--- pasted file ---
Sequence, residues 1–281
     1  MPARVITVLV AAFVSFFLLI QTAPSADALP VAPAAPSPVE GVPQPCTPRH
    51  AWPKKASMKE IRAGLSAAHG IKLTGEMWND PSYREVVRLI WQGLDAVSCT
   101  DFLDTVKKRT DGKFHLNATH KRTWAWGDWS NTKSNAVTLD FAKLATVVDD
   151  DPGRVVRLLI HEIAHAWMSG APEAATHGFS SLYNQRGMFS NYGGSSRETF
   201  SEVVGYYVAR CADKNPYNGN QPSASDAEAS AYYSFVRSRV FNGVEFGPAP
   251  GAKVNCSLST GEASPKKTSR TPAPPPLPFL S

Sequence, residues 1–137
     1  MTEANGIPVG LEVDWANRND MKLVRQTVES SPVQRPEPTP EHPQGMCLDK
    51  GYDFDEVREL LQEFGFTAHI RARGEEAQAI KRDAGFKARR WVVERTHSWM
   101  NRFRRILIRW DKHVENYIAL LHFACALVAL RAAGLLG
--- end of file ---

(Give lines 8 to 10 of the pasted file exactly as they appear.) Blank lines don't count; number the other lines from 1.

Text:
Sequence, residues 1–137
     1  MTEANGIPVG LEVDWANRND MKLVRQTVES SPVQRPEPTP EHPQGMCLDK
    51  GYDFDEVREL LQEFGFTAHI RARGEEAQAI KRDAGFKARR WVVERTHSWM